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A Piece of Work: The Art of Seth Thompson

Photography By Adam Bird

In our burgeoning art community, there are a myriad of working artists that dwell in a deeply collaborative world and actively utilize an expansive array of media as a means of artistic expression and sheer business necessity. Seth Thompson is one of those people.
I sat down with Thompson to discuss his creative pursuits and what emerged was, at once, a broad and direct sense of his personal philosophy, his basis for motivation and why Grand Rapids might just be a perfectly dandy place for an artist to live.    
“You could say I’m an artist but then [you] think [I] just do oil on canvas,” says Thompson. “If it’s a time-based art form, I want in. I’m a photographer, a musician, a videographer.” And recently, Thompson has been exploring movement arts. “I would not call myself a dancer, but I now regularly collaborate with Amy Wilson of DITA (Dance In The Annex).”

Additionally, he creates mixed media objects which he uses in his experimental film projects. “All that can kind of make you dizzy a little bit. What is nice is in this era [is that] the lines between those things, if they are not gone completely, have been blurred so they’re not really clear anymore.”
Thompson works under the name Epiglotic Photographic, which also serves as an umbrella company for all his creative and professional work. Thompson derived the name from the epiglottic cartilage located at the entrance of the larynx and altered the spelling to make it an adjective.  

“So the epiglottis is the flap in your throat that decides whether you breathe or drown,” says Thompson. “I liked the metaphor of that and thought it would be a good band name. So I had the website and just never got around to putting the band together. The metaphor doesn’t work always. But that’s just a hairline piece of cartilage. I think that’s where you have to live all the time. If you’re not seriously risking nightmarish failure, the like of which people haven’t seen before, you’re probably not pushing hard enough. Eventually all of us [artists] become adrenaline junkies.”
While Epiglotic Photographic refers to many different visual products, the success of Thompson’s work is in part buoyed by the overlap of each discipline. “It was much harder to combine those things until now," he says. "I think part of it is the advance of technology.”

Like Thompson, most independent creators can attest to the multifaceted nature of such work. Often all the roles are performed by a single individual -- art making, self promotion, web design, deal making and gig seeking. “Rather than figure out how to ask somebody to create original work for [a] project…taking a cue from Robert Rodriguez (a filmmaker nicknamed ‘the one-man film crew’), I do it myself,” says Thompson. “I don’t want to ask someone to do something for free because that’s worth compensation.”
Thompson attributes this self sufficiency in part to the challenges of the Michigan economy along with burning artistic drive, suggesting that often creative solutions arise to circumvent the need for a budget, “because I can’t not do it.” He believes that in some ways, Grand Rapids affords more opportunities than large, metropolitan cities. “There is really good work that is being done here in this little town despite the fact that no one is paying for it. In Chicago and New York, it would require that someone pay for it. Just rehearsal space would be prohibitively expensive.”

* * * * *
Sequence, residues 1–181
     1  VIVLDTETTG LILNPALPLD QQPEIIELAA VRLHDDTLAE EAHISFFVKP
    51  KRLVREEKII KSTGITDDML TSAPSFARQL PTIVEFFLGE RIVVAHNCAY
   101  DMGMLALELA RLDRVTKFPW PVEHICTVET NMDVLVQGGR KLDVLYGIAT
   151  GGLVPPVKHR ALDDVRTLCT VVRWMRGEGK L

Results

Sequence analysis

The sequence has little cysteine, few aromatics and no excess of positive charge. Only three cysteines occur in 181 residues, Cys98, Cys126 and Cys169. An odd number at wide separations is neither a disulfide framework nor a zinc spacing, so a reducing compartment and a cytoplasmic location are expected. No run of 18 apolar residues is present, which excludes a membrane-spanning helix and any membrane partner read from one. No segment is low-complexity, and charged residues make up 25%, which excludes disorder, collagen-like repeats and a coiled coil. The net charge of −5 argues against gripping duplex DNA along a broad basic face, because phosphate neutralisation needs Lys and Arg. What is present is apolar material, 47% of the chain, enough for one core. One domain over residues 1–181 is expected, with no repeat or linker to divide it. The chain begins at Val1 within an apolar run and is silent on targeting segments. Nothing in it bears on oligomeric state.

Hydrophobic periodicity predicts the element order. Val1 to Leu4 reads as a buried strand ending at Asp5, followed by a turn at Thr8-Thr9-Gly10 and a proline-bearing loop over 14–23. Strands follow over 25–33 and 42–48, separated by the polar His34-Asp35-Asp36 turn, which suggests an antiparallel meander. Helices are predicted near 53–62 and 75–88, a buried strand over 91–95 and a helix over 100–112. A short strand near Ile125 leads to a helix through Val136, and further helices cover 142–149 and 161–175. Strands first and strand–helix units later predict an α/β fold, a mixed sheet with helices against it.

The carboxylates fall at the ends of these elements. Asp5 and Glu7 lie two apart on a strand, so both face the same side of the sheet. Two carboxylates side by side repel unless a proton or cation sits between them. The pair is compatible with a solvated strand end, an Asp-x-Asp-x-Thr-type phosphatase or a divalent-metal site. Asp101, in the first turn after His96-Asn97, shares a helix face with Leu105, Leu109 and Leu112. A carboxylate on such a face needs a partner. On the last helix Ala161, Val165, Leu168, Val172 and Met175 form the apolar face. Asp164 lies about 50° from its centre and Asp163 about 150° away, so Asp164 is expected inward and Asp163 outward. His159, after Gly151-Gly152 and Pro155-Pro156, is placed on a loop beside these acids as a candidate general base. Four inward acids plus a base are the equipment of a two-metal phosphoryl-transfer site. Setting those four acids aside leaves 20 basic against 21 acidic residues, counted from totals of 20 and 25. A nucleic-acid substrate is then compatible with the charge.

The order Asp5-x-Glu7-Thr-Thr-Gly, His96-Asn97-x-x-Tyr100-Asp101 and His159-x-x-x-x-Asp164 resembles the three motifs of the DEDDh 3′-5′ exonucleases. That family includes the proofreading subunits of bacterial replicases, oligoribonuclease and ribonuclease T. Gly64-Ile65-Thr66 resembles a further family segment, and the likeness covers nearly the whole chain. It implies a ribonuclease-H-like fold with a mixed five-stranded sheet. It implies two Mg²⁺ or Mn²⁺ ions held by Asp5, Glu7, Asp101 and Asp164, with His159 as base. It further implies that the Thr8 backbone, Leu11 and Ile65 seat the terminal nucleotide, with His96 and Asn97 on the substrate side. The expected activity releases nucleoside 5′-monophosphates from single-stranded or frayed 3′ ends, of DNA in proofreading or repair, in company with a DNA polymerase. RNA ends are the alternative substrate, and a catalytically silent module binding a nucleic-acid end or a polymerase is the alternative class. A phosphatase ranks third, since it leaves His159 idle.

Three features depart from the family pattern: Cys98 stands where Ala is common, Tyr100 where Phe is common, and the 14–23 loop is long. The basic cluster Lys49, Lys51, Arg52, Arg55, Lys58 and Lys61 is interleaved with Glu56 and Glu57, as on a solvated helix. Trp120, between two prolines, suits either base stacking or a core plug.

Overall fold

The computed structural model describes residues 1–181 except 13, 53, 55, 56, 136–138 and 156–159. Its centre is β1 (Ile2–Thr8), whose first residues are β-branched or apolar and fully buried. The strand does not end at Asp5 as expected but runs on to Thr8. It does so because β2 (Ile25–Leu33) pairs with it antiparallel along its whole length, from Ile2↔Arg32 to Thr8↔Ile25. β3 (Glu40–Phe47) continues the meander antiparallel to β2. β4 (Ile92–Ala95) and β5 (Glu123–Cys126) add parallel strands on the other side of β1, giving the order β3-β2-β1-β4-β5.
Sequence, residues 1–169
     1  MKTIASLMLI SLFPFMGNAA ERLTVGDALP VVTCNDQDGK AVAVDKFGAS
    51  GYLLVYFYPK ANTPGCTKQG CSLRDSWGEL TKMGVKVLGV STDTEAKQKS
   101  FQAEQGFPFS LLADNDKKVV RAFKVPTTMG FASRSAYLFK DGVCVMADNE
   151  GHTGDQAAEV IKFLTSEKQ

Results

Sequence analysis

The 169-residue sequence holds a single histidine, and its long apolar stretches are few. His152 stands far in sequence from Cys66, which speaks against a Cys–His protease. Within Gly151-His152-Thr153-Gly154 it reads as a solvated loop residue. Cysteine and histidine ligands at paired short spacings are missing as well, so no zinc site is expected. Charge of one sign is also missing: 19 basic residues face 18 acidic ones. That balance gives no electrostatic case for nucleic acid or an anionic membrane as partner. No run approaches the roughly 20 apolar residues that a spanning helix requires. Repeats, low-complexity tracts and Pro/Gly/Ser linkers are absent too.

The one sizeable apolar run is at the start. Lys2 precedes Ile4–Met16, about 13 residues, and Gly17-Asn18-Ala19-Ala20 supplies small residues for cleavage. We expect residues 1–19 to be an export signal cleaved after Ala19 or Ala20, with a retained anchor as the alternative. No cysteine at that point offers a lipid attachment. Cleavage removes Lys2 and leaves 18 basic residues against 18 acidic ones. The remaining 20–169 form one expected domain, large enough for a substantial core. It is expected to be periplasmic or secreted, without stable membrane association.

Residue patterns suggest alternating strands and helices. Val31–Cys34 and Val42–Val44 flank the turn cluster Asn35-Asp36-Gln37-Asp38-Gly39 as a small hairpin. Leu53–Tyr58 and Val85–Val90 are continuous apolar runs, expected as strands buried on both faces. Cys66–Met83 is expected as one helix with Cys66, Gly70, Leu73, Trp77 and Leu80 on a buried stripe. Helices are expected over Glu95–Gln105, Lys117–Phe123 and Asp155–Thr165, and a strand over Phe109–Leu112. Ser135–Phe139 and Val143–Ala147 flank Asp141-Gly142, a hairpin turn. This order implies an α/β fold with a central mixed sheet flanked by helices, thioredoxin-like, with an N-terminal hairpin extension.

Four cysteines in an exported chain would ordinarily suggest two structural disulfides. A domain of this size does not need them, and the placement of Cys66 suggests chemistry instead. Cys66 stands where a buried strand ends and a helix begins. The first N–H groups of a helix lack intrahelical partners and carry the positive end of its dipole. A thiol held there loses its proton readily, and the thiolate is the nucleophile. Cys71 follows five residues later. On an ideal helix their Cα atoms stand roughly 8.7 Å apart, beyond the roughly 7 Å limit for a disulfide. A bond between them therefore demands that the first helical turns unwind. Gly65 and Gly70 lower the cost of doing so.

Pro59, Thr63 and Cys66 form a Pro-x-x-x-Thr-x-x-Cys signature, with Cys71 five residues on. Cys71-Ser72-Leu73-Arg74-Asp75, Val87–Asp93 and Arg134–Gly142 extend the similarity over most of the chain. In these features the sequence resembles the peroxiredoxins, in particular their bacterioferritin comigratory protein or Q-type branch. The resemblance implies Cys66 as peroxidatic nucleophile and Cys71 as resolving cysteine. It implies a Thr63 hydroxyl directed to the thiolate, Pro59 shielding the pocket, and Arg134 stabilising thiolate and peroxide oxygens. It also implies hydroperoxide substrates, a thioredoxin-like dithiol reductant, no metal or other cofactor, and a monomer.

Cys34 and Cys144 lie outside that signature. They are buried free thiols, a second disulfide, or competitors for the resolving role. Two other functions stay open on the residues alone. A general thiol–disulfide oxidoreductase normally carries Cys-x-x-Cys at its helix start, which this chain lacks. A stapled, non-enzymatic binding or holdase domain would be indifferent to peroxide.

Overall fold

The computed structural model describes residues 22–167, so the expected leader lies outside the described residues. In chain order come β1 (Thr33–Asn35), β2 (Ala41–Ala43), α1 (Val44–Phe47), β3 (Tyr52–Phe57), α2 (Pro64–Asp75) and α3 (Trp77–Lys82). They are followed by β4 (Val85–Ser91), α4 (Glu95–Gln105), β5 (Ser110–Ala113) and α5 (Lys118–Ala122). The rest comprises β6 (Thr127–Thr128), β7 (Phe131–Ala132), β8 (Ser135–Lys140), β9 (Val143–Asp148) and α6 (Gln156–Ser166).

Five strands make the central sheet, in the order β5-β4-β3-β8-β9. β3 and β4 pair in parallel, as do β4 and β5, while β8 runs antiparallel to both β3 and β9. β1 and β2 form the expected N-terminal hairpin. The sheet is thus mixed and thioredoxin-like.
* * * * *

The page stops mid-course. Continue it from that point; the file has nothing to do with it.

For Thompson, who left a lucrative job in Chicago to pursue his own work, location is everything. “At the risk of writing a love letter to Grand Rapids, that is the great thing about being [here]. That for some reason, there is an insane number of people who are really doing real work and doing it well. And at the same time, Michigan allows all of us to take chances on some of this work because the cost of living is low enough that we can do it,” says Thompson. Yet, most of his professional work is done outside of Michigan. “I’m hoping to change this…But, I’m in a plane or in a car to make a wage.” At the same time, many of Thompson’s big city comrades have “some kind of soul-sucking day job or night job just to solely meet the cost of living. In terms of hours spent, it immediately relegates what they really want to be doing to hobby status. Michigan and Grand Rapids affords me the ability to say I am what I want to be, and start from zero and just build from there.”
While independent, creative professionals have the luxury of living a personal dream, Thompson believes “there is no motivator like having no safety net. There are a whole lot of [creative] people in this town living with no safety net. And eighty percent of the time, all of us would be really grateful if you bought us a sandwich. But at the same time, there is a freedom…Every day is potentially a weekend and everyday is potentially a work day.” And Thompson wouldn’t have it any other way.
“As an artist, there is no question that you are not like other people,” said Thompson. “To put it in romantic terms, there are always going to be hellhounds on your trail, to quote Robert Johnson, the ultimate tortured artist. The normal people in your life are never going to exactly understand that. They are always there. One of those hellhounds is that to people like us, contentment is repellent. That is my worst fucking nightmare. Relaxation is allowing vacancy. And that is just not in the cards. There is always something nipping at your heels.”
Audria Larsen is a freelance writer, entrepreneur and professional entertainer. Her work has appeared in Rapid Growth Media, Revue Magazine and Michigan Blue Magazine. She is the founder of Audacious Hoops, Grand Rapids’ original “hula” hoop company, and produces a myriad of art and entertainment ventures.

Photography by ADAM BIRD
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